Data, Political, Modeling, Polling
December 18, 2020
Polling and modeling are both important tools in the world of data-driven campaigns. While polling and modeling seem similar in nature, there are some key differences, both in methodology and in conclusions, that can help determine which tool is best suited to specific situations.
Please welcome Causeway Solutions’ Chief Analytics Officer Molly Rutledge to the Majority Strategies #StrategySession as our guest blogger.
Polling and modeling are both important tools in the world of data-driven campaigns.
While polling and modeling seem similar in nature, there are some key differences, both in methodology and in conclusions, that can help determine which tool is best suited to specific situations.
Polling is a thermometer.
Polling allows you to take the temperature of a population at any given point in time.
Polls are typically conducted using a maximum sample size of 1,000 people, which produces a margin of error of plus-or-minus 3 percent.
Depending on the length of the script, a poll can be a very cost-effective way to gauge where a population stands on specific issues. Results can be tracked over time to determine if attitudes of a population are moving one way or another.
The output of a poll is typically toplines and some crosstabs that allow conclusions to be drawn about groups of the population.
Modeling is a thermostat.
In contrast, modeling is a thermostat, monitoring the temperature of a population. Modeling also prescribes actions that can be taken to help move that population.
Modeling projects can be conducted with a sample size anywhere between 2,000 and 10,000 people, which shrinks the margin of error to below plus-or-minus 2 percent. This reduction in the margin of error produces more statistically reliable results that can be used to build analytical models on an entire population.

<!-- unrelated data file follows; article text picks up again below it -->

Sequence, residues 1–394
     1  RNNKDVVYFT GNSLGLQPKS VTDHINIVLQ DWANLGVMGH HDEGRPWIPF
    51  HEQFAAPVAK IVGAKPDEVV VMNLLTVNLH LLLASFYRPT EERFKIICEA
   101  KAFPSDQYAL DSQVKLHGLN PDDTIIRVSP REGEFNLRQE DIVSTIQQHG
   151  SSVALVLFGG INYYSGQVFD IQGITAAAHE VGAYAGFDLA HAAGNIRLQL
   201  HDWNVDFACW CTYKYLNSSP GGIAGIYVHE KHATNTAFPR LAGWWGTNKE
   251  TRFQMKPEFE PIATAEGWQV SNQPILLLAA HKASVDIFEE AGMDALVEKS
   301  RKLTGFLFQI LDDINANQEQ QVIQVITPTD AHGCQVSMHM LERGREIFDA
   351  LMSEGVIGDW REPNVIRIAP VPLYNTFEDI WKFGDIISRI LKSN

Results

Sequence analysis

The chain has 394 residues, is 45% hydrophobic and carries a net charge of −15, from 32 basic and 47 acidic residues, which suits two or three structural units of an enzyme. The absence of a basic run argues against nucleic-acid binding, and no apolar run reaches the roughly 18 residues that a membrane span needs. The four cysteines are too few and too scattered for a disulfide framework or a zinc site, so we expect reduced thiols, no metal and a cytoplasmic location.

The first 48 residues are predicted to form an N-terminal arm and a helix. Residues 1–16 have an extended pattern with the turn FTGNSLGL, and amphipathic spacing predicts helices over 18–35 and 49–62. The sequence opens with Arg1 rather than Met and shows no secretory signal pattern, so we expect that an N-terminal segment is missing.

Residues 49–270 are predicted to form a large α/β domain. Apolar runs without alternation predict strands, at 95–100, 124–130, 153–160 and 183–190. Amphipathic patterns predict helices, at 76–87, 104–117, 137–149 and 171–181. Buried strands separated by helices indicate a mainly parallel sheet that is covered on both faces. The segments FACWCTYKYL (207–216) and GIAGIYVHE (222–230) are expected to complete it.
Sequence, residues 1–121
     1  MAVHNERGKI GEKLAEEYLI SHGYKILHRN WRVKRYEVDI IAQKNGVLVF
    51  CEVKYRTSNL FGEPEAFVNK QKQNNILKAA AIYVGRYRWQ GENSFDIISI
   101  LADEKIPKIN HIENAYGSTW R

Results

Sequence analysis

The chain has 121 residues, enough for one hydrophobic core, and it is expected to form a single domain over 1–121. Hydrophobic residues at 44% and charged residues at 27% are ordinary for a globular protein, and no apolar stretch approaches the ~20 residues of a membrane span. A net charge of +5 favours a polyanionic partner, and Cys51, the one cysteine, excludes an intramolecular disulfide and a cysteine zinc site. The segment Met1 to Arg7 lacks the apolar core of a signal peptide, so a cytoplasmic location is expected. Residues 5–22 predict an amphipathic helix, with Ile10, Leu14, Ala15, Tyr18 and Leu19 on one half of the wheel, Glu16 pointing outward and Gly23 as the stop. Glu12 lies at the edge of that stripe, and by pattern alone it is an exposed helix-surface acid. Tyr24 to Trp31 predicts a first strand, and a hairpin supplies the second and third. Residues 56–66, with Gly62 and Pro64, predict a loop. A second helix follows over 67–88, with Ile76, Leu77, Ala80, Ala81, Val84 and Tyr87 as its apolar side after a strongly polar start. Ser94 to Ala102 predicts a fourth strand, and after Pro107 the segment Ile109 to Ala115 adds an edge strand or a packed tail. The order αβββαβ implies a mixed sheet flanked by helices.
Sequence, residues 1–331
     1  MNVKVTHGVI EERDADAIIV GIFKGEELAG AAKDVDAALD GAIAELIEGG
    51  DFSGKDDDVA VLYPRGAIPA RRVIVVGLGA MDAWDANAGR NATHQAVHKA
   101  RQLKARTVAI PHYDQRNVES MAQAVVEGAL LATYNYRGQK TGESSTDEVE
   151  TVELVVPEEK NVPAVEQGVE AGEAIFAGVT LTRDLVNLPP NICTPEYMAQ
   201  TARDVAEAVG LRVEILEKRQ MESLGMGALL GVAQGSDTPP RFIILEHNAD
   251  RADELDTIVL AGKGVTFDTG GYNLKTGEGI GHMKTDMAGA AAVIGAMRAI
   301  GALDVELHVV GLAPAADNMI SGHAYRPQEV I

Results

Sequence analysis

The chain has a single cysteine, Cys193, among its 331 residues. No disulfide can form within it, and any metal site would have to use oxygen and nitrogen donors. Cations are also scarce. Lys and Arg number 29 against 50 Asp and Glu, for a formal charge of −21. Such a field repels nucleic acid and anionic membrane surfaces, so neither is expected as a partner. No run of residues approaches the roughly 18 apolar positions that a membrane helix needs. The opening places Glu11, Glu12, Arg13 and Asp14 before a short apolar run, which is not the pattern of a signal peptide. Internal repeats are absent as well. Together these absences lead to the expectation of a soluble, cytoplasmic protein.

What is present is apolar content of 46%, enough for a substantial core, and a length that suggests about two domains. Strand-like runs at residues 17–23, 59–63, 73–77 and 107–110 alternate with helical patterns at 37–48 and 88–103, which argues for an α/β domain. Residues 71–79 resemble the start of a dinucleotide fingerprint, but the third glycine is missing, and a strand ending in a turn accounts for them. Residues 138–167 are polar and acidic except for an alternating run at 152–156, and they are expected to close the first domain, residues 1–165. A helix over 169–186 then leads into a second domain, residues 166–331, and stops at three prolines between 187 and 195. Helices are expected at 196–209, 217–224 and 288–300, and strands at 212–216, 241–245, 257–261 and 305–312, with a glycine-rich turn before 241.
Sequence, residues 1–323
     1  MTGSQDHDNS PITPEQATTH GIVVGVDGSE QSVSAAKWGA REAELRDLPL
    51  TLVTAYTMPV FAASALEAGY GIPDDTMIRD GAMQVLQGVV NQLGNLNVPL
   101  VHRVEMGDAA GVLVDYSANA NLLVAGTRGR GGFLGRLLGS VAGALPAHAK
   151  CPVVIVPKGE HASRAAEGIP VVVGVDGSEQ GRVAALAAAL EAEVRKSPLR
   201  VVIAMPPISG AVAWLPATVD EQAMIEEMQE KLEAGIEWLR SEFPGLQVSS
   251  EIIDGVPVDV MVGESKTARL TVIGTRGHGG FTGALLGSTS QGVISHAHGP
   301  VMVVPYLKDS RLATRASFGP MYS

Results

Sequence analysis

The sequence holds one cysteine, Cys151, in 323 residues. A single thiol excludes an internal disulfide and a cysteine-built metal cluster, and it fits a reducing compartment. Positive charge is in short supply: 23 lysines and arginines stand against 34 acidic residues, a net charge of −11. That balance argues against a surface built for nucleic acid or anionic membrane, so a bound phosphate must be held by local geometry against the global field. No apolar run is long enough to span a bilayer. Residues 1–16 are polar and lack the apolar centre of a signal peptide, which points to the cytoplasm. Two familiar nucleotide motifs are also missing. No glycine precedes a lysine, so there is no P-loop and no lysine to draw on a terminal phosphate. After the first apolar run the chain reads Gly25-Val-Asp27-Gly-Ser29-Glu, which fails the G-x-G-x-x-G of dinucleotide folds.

The output of a model is typically a score for each individual in the universe for every issue modeled, meaning that conclusions can be drawn about specific individuals in the population.
Models can be tracked over time to determine if specific individuals are moving one way or another. Because of the more in-depth nature of modeling, the modeling process can take longer and cost more than the polling process.
Both polling and modeling have a place in data-driven campaigns. Polls are excellent for message testing, checking name ID, and getting a quick snapshot look at where the population stands, but polls cannot prescribe any action, don’t identify exactly which individuals need communication, and don’t yield the depth of insight that a model does.
Models are great for detailed insights about individual people, and they can prescribe a course of action that enables a campaign to reach its goals, but they are not great at message testing, aren’t useful if there is no name ID, and might be overkill if all you need is a quick snapshot of the population.